Never Giving Up

Photo Courtesy of JSSJRDM (flickr)

Right now, I’m working on meeting a very specific athletic target. In roller derby, part of passing your minimum skills is to have the ability to skate 25 laps around the track in 5 minutes. To achieve this target, it takes a good combination of technique, skill, endurance and drive. As someone coming from a non-sporty background, I often find that my endurance runs out pretty fast and once I am tired, it affects my technique which then in turn affects my endurance, and so on.

I have plateaued in the 25/5 at around 24 to 24.5 laps in 5 minutes and I need to find the energy/drive/push to move up my speed by about 12 seconds. Initially it doesn’t sound like a lot, but when you’re in the moment, those 12 seconds make a big difference. Of course it is frustrating to be so close and not make it over and over. In my head, I can see myself doing it, but my head has not translated the reality of the task to my legs and body yet.

The trainers and coaches at CCDD been incredibly supportive of my efforts so far and have so many tips and tricks to help me succeed. They cheer, they threaten, they skate along side or behind me with words of encouragement and real time coaching. They analyze what I’m doing and give me feedback so that I can find that 12 seconds somewhere inside of myself and make it happen.
When it comes down to it though, even with all of the support I have going into this (which I appreciate to no end), I have to be able to do it on my own. I have to be able to reach down and pull out the ability to make this happen on the track.  Nobody can move my legs faster for me except me.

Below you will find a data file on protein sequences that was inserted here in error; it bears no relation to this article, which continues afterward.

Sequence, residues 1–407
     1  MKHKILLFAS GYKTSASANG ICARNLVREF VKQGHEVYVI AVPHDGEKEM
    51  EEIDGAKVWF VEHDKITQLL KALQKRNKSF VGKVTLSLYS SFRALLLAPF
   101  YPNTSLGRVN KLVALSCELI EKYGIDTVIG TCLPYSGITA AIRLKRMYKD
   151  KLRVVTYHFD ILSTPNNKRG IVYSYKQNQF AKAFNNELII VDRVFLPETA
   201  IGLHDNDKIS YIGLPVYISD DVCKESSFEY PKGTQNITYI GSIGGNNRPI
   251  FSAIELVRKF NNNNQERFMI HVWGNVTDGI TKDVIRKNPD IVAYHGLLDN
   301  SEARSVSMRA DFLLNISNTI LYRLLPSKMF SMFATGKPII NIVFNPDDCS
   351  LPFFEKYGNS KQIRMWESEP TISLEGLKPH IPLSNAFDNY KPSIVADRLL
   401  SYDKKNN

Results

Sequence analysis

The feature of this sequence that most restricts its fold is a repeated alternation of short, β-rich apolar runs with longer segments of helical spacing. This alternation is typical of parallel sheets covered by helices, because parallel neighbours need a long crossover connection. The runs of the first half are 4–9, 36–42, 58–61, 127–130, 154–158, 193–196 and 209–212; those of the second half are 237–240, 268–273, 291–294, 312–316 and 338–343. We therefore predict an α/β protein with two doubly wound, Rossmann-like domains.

I have to remove any excuses that I have and just skate. Hard. And smart.
If my back hurts from leaning to the left, then I need to work on strengthening my back and core. If running on my toe stops will give me a quicker start, then I need to practice it until I’m a pro and can do it in a group of people.  If I feel like I’m running out of energy, then maybe I should feed and water myself more appropriately before practice. If I get to tired too quickly, I need to train myself off the track to push myself hard for 5 minutes until 5 minutes at top speed doesn’t knock me down.

I have to focus on my stride, stay low and make the most out of every move I make.

When I feel like I just can’t push anymore, I have suck it up and realize that it’s only 5 minutes and I can breathe/relax/curl into a fetal position later. I need to commit to every single second of the 5 minutes.

I’ve got to remove all of the obstacles that I feel like I am facing, keep working hard, and never give up.

**UPDATE** On Tuesday March 20th, I successfully completed the 25/5.  THANK YOU to all who encouraged and supported me while I made attempt after attempt after attempt.  I’m officially a Doll :)

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